Scientists have discovered in the common weed thale cress a new substance with an important link to human brain chemistry responsible for turning off plaque formation in Alzheimer’s disease.
The research has just been published in the top US journal PNAS (Proceedings of the National Academy of Science).
It was carried out by an international team led by the University of Stockholm and included La Trobe University biochemist Professor Jim Whelan.
Professor Whelan says the work identified and characterized a new enzyme, an organelle OligoPeptidase called OOP.
The enzyme was found in mitochondria and chloroplasts, tiny but highly important energy generation centres in the cells of thale cress. Also known as Arabidopsis, the plant is a favourite model organism of molecular biologists.
‘We found that the OOP destroys small peptides in the plant’s cell that would otherwise become toxic to the cell,’ says Professor Whelan.
He says documenting the biological pathways which lead to enzymes breaking down proteins and peptides is essential to understanding disease in animals as well plants.
Critical to study the human variant
‘For example an enzyme known as Presequence Protease, which was also first extensively characterised in plants, can degrade the peptide beta-amyloid which forms insoluble fibres, or plaques in the brain of Alzheimer’s patients.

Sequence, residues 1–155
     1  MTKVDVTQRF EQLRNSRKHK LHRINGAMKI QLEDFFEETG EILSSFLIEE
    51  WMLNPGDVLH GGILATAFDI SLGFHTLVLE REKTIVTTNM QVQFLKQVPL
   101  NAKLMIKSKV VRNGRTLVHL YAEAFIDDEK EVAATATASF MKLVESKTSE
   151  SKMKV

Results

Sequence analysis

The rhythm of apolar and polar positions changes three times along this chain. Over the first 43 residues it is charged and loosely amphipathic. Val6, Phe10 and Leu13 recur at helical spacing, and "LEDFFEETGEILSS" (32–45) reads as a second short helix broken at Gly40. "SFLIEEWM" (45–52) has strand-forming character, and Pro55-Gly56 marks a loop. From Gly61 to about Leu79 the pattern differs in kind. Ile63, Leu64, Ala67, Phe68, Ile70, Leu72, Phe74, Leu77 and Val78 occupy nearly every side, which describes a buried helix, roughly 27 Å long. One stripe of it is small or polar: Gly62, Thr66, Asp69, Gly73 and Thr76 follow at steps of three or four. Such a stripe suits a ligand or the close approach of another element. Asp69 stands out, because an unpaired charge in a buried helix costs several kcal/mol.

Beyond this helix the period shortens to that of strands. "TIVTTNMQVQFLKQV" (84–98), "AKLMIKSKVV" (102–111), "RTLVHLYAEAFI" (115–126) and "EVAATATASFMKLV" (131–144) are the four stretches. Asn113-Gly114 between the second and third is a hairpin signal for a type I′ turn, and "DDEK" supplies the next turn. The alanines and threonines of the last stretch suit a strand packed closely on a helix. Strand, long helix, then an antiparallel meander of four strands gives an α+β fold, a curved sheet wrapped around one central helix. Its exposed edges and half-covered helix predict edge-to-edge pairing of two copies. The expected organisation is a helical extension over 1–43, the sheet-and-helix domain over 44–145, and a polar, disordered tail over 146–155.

‘We believe OOP and this Presequence Protease could co-operate to completely break down harmful peptides that accumulate and adversely affect mitochondrial activities.’
Hence in order to combat Alzheimer’s disease and other age-related diseases, he says it is critical to study the human variant of OOP and examine its role in the degradation of amyloid-beta peptide.
Professor Whelan is a specialist in plant energy metabolism. He works at the new AgrBio Centre on La Trobe’s Melbourne campus and is also a member of the Australian Research Centre of Excellence in Plant Energy Biology.
The PNAS article is the result of collaboration between biochemistry, biophysics and neurochemistry researchers at Stockholm University, SciLifeLab at the Karolinska Institute, La Trobe University and the University of Western Australia.